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Light, 2016, 6(6). e16261. doi: 10.1038/lsa.2016.261

Quantifying backflash radiation to prevent zero-error attacks in quantum key distribution

Alice Meda , Ivo Pietro Degiovanni , Alberto Tosi , Zhiliang Yuan , Giorgio Brida and Marco Genovese , Giorgio Brida , Marco Genovese + view affiliations

1INRIM, 10135 Torino, Italy ;
2Dipartimento di Elettronica, Informazione e Bioingegneria, Politecnico di Milano, 20133 Milano, Italy ;
3Toshiba Research Europe Ltd, Cambridge CB4 0GZ, UK

Correspondence: A Meda, Email: a.meda@inrim.it

Received: 2016-06-19; Revised: 2016-11-18; Published online: 2016-12-05

Abstract:Single-photon avalanche diodes (SPADs) are the most widespread commercial solution for single-photon counting in quantum key distribution applications. However, the secondary photon emission that arises from the avalanche of charge carriers that occurs during the detection of a photon may be exploited by an eavesdropper to gain information without inducing errors in the transmission key. In this paper, we characterize such backflash light in gated InGaAs/InP SPADs and discuss its spectral and temporal characterization for different detector models and different operating parameters. We qualitatively bound the maximum information leakage due to backflash light and propose solutions for preventing such leakage.

Keywords: backflash    quantum key distribution    single-photon avalanche diode    zero-error attack   


Quantum key distribution (QKD) is a method for sharing secret cryptographic keys between two parties (Alice and Bob) with an unprecedented level of security 1, 2, 3, 4, 5, 6, 7. This level of security is ensured by the laws of quantum mechanics and does not depend on the technological resources available to an eavesdropper (Eve), provided that the QKD implementation does not deviate from the theoretical model. However, the security of a practical system (just as for any other cryptographic system) strongly depends on its device implementation. Any deviation of a QKD device from the theoretical model can be exploited as a side channel or back door 8, 9, 10.

In 2010, two zero-error attacks on commercial QKD systems were reported that exploited defects in quantum signal encoding 8 and detection 9. Shortly after, a plethora of quantum hacking attacks were implemented using existing technologies to exploit device imperfections in a number of QKD designs (with different protocols, modules and systems) 10, 11, 12, 13, 14, 15, 16. To guarantee security, each practical implementation must be carefully analyzed and tested for its robustness against zero-error attacks.

Single-photon avalanche diodes (SPADs) are the most widespread commercial solution for single-photon detection in practical QKD implementations 17, 18, 19, 20, 21, 22, 23, 24, 25, 26. They can also be the most vulnerable components because they are optically exposed to Eve through the open quantum channel. Eve can inject strong light to take control of these detectors, thereby compromising the security of an entire QKD system. Alternatively, Eve can also passively measure any backflash light arising from avalanching carriers 27 to learn the detected bit value ( Figure 1). Backflashes have been shown to exist in both InGaAs/InP and Si SPADs 27, 28, 29, 30. However, these demonstrations are limited to free-space detectors, and no experiments have been performed on fiber-pigtailed SPADs, which are the detectors of choice in all existing commercial QKD systems because of their practicality.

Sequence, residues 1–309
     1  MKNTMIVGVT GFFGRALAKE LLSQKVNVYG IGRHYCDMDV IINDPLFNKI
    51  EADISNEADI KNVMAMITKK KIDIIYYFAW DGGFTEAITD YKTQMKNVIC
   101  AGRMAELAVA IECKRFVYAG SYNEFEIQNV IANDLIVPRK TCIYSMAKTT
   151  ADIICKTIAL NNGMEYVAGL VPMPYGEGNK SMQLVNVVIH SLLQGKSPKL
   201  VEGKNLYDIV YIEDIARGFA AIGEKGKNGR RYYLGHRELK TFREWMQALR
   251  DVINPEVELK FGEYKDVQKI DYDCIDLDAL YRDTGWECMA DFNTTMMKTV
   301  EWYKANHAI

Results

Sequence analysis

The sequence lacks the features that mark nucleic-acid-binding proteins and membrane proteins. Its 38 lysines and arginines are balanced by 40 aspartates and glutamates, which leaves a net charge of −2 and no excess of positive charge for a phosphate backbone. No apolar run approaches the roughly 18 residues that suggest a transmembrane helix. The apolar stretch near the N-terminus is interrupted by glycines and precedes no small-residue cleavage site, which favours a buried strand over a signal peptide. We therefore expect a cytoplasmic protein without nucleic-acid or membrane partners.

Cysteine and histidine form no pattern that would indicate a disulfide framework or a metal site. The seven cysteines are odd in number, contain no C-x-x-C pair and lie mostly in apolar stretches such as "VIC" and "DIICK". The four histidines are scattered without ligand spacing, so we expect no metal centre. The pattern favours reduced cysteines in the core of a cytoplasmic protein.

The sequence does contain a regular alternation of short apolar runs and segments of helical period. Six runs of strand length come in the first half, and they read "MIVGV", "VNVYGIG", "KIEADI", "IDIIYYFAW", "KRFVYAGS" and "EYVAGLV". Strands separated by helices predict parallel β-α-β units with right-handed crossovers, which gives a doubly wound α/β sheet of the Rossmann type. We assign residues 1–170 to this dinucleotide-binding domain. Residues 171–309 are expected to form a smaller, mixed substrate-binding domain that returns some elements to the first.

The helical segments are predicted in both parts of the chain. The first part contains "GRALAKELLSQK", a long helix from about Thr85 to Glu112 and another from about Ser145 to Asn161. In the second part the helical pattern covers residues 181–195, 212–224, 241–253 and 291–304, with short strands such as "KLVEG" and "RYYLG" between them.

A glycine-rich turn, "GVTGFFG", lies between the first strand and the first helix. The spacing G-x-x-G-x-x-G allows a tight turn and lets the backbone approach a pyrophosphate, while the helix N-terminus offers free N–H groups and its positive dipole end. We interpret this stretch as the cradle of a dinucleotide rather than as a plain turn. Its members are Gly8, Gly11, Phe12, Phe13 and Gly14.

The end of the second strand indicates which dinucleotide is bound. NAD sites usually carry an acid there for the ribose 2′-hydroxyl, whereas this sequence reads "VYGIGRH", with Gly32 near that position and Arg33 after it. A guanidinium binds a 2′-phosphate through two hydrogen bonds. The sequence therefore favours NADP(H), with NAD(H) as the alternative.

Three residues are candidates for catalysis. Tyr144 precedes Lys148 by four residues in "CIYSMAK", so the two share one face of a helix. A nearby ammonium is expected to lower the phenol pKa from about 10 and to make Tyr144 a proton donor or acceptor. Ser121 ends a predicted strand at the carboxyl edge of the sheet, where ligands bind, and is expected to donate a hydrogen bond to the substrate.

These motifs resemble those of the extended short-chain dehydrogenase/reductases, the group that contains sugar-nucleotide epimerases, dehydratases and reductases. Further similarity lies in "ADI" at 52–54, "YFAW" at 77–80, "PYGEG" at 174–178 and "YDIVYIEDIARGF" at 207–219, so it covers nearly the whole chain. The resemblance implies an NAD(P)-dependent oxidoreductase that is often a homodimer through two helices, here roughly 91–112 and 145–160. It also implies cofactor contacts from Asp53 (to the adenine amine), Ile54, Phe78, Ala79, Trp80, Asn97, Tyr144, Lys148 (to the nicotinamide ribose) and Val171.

Figure 1 Representation of an eavesdropper attack exploiting backflash light. Alice sends the photons of the key to Bob; when the photons are detected by Bob using a SPAD, a flash of light, the backflash, is emitted back to the channel. Eve can use a circulator to intercept this spot of light to acquire information about the detector that has clicked.

Here, we present the first characterization of backflash light in fiber-pigtailed InGaAs SPADs from various manufacturers. We construct a reconfigurable optical time-domain reflectometer (OTDR) operating at the single-photon level 31, 32, 33, 34, 35 with exceptional sensitivity. This OTDR enables unambiguous identification of detector backflashes from conventional light back reflections and provides a practical way to bound the information leakage, i.e., a fundamental step toward QKD security. Furthermore, we show that information can be leaked through backflashes when two detectors produce temporally distinguishable secondary emissions.

Materials and methods

The experimental setup used to analyze backflash light is depicted in Figure 2. A strongly attenuated pulsed laser sends photons at 1550nm to the InGaAs/InP SPAD under test (DUT). The back-reflected light is analyzed using our photon-counting OTDR to quantify the amount of secondary emission photons that could serve as an information side channel to Eve. The source is a commercial 1550-nm pulsed diode laser with pulse width of 300ps and an energy per pulse lower than 1 fJ. The laser output is sent to a single-mode optical fiber and attenuated to the single-photon level by exploiting a fiber-coupled variable optical attenuator (with a maximum attenuation of 60 dB) combined with an additional 20-dB attenuation from a 99:1 fiber coupler.